From light grazing to heavy grubbing, from pate to tacos, each dining experience is as distinctly different and unique as the menu. As such, the same care that goes into curating a menu that speaks to these experiences should be applied to feeding your customer’s musical appetites. Every restaurant has nuanced needs when it comes to music. No matter the genre, the budget or the footprint, there are key elements that each restaurateur must consider to get the most out of their eatery’s music solution. We’ve rounded up the top 5 tips for serving up a salivating playlist.
While some restaurants opt for streaming apps like Spotify or Pandora, both platforms violate federal copyright laws and leave business owners vulnerable to penalties and fines. Up to $150,000 for each song, to be exact. To stream that Spanish guitar in your tapas bar you’ll need to secure the rights to the music. Think of it as paying artists for providing your buzzing restaurant with background tunes. The good news? Most restaurant music providers will obtain the rights on your behalf.
As obvious as it may seem, the music drifting overhead should both satiate diners’ musical appetites and feel cohesive with the rest of the dining experience. Serving up filet mignon at a sophisticated steakhouse? Better pair it with something equally refined, like traditional or contemporary jazz or perhaps more sophisticated singer/songwriter offerings. Running a Mexican fusion restaurant? Lay off the pop music and opt for more exotic offerings with Latin flair, but avoid the expected. There are amazing alternative Latin experiences not centered around Mariachis. There should be synergy between your music and the culinary experience, much like how the appropriate deft touch of seasonings compliment premium ingredients when thoughtfully combined.
There’s nothing worse than the same three songs looping on repeat. It’s like a soup of the day that never changes. If diners wanted leftovers, they would’ve stayed home. Instead, keep things as fresh as your locally sourced endive greens and opt for a music provider that offers a vast selection of programs and genres. Ensure that the options are updated regularly on your behalf, and without you having to think of it. It’s rather like refreshing your menu every so often to serve up more unexpected seasonal offerings. It also demonstrates a deeper connectivity to the overall experience. Your wait staff will appreciate you more!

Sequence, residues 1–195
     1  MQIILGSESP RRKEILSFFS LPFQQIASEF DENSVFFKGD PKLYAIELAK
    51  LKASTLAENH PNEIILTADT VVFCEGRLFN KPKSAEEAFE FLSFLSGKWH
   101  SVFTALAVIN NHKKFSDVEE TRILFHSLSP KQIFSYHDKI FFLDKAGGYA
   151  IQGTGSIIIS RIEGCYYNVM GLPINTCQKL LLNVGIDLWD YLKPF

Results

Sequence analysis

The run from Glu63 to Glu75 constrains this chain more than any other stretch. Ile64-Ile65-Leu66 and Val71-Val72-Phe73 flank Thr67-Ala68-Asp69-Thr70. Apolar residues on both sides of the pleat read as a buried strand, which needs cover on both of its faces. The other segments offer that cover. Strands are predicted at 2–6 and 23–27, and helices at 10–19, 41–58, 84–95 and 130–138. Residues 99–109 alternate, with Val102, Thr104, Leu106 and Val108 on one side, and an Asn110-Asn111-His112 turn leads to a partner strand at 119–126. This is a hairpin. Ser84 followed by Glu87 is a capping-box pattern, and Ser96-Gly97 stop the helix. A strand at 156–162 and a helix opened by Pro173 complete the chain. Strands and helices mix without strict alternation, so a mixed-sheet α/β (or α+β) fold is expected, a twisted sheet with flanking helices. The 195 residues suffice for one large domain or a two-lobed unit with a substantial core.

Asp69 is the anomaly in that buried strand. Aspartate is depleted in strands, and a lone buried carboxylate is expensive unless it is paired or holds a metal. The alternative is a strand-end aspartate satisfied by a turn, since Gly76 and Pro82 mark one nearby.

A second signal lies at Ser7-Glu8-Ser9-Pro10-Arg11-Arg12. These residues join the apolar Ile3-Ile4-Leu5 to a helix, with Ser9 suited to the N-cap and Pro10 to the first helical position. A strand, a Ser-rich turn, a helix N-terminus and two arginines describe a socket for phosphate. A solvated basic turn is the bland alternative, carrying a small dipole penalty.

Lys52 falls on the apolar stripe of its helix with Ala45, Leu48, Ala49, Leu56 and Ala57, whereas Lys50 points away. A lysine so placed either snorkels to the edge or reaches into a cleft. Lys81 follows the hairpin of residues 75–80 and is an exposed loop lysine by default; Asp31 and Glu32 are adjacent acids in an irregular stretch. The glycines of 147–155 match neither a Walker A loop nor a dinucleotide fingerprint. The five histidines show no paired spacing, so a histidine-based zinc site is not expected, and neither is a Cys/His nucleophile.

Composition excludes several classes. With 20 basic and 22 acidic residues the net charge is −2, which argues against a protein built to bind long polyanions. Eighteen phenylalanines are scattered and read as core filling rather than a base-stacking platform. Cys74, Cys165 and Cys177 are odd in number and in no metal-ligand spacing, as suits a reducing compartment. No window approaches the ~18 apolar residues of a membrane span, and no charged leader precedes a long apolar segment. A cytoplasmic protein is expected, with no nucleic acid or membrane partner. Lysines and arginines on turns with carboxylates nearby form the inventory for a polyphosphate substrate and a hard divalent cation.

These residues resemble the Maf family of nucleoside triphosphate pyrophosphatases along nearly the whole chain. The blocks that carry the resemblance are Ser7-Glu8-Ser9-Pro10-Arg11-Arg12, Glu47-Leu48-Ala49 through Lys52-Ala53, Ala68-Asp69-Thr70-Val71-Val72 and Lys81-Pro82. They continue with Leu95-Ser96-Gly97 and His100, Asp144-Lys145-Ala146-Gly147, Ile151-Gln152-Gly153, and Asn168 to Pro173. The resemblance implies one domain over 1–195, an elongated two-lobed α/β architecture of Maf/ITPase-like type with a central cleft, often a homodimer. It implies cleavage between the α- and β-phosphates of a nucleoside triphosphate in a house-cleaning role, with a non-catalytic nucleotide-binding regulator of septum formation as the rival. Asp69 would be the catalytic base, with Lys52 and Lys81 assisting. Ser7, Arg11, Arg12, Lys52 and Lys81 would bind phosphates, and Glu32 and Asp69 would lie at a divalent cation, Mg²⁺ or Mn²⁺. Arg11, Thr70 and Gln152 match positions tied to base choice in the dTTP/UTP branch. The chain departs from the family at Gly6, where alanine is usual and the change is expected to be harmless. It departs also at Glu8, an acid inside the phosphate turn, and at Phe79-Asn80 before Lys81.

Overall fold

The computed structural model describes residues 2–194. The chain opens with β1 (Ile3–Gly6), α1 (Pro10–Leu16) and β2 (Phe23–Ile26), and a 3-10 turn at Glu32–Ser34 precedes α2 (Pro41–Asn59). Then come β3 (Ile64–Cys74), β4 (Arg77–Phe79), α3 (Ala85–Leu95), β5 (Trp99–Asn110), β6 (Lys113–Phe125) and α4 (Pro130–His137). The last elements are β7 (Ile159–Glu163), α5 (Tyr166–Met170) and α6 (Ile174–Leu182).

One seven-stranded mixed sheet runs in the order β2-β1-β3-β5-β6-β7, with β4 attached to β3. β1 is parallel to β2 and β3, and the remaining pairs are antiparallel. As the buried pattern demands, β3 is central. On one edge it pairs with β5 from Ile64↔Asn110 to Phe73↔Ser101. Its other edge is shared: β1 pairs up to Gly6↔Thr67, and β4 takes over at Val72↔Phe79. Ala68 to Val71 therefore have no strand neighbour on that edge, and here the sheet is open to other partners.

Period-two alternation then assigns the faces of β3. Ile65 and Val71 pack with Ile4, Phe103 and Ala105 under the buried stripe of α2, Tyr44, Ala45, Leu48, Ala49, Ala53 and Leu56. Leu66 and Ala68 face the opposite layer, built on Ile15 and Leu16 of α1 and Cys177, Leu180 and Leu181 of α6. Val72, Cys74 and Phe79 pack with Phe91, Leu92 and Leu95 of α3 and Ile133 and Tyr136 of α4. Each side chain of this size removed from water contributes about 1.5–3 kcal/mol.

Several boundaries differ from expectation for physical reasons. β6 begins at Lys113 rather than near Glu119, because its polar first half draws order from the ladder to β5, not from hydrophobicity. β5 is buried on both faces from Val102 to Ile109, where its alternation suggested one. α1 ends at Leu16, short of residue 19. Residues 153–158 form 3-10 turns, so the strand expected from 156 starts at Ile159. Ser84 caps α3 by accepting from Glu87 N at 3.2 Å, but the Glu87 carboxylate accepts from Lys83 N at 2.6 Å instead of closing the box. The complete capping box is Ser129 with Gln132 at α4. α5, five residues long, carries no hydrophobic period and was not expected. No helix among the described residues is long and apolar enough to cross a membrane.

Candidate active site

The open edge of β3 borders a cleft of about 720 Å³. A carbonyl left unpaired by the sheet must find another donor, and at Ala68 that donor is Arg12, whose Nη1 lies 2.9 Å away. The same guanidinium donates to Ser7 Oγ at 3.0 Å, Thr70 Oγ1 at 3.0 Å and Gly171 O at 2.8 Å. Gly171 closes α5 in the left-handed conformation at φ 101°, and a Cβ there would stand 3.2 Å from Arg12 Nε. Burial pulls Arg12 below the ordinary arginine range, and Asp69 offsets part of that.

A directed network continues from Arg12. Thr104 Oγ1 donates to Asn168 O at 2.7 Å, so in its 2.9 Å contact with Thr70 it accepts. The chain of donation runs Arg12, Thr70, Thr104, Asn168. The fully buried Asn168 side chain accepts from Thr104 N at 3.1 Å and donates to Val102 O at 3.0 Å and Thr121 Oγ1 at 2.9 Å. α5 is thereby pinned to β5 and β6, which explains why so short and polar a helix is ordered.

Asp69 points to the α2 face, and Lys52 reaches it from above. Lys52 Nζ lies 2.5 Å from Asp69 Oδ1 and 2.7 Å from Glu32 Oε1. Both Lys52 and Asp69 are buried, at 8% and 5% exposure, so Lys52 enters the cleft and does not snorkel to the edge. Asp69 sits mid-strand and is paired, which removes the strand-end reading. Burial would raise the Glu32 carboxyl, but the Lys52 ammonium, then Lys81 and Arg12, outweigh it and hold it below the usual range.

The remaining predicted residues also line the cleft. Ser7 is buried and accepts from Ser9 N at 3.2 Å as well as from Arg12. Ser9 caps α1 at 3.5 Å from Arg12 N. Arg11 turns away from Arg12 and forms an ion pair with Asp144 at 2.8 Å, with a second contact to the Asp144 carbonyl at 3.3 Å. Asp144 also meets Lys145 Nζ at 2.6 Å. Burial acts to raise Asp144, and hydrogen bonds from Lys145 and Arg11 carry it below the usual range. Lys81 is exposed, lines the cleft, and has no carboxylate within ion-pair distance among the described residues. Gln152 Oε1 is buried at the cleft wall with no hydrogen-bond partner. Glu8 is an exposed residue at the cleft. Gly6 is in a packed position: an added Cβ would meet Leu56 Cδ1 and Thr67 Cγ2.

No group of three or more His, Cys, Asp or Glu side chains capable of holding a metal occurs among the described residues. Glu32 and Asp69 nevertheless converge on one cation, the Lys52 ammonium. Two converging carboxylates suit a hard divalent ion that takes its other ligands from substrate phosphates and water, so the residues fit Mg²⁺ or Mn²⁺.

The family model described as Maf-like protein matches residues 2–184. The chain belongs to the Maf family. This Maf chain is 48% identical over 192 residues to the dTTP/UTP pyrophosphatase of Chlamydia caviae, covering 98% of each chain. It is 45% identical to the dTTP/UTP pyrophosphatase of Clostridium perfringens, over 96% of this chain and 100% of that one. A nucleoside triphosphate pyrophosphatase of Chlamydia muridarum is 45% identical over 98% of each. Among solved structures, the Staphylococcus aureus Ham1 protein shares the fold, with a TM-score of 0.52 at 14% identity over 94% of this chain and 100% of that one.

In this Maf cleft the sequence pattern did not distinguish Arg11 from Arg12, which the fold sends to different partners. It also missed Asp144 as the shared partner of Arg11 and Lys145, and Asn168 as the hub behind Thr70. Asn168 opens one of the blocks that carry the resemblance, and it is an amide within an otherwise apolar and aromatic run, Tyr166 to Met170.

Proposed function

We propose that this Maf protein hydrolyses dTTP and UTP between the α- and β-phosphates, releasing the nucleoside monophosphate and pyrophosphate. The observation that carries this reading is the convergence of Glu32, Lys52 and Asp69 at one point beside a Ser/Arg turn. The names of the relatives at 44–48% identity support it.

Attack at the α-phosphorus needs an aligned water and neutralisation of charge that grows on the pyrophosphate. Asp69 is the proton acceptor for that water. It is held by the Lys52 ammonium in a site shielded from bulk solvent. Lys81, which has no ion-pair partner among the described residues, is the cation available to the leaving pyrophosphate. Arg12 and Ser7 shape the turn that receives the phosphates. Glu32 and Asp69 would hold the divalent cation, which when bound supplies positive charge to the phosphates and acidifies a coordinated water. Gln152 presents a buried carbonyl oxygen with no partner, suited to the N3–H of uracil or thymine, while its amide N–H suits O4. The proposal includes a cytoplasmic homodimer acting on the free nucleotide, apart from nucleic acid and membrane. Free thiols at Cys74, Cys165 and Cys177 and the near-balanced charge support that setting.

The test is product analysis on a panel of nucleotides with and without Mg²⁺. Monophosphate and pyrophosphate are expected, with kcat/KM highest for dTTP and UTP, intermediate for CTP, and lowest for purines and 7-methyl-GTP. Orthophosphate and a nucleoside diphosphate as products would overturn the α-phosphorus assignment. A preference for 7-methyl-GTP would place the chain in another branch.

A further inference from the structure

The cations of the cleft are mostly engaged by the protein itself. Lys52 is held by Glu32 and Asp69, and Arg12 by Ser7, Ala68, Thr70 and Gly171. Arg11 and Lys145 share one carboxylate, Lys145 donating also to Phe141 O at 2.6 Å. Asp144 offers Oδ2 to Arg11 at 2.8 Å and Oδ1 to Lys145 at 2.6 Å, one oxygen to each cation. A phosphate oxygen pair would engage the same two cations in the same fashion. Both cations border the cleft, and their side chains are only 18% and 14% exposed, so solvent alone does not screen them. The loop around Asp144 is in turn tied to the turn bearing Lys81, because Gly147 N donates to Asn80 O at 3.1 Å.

The last thing you want in a restaurant is dead quiet. The awkward silences that plague most first dates are bad enough. The culprit? Poor connectivity and even more poorly thought-out solutions. Many new to the scene providers offer streaming music solutions devoid of a media device, which means that the reliability of a device-less solution is entirely dependent on a.) your internet connection, or b.) the strength of the provider’s feed. To avoid those dreaded skips and blips mid-dinner service, make sure that you go with a reliable provider that offers multiple device options, streaming or otherwise, best suited for your particular needs for music playback.
Just like décor, menus and plating, the music played in your dining room is a direct reflection of your restaurant. Catering to a family-friendly crowd? Cueing up tracks with inappropriate lyrics is a surefire way to alienate customers and tarnish the dining experience (Not to mention, lead to unsavory Yelp reviews.) Offensive content should never be a concern for eatery owners. Hitting the “non-explicit” button next to a song doesn’t guarantee it won’t be offensive. We have learned that the language does not have to be blatant, nuance and context matter. Buttons don’t filter nuance. This is just one more reason why it’s paramount to employ a professional music provider that proactively filters content—including actually listening to the lyrics of each song—that could potentially turn away parents or the early bird crowd.
So, there you have it—the top 5 tips for effective music in your restaurant. Nail them all and while you may not be closer to that Michelin star, you’ll certainly be closer to creating a memorable experience and at least a few more bookings on OpenTable.
Danny Turner is Mood Media’s global senior vice president of Creative Programming. He has spent more than 25 years in national and international music programming and branding. Before joining Mood Media, he spent a decade as one of the founding programming executives at XM Satellite Radio. Danny was instrumental in creating programs for such partners as Starbucks, MTV, VH1, BET, United Airlines, Air Canada, Oprah and E!, as well as developing special programming and brand relationships with iconic talents such as Bob Dylan, Wynton Marsalis, Quincy Jones, Tom Petty, Willie Nelson and BB King. He has managed programming teams and efforts across North America and Europe. A lousy guitarist who aspires to one day be mediocre, his musical tastes are rooted in early R&B, bad-ass Rock, Blues, Classic Country, Reggae and Ska. Danny restores vintage audio gear and if the category is Brady Bunch trivia and you need some help, call him.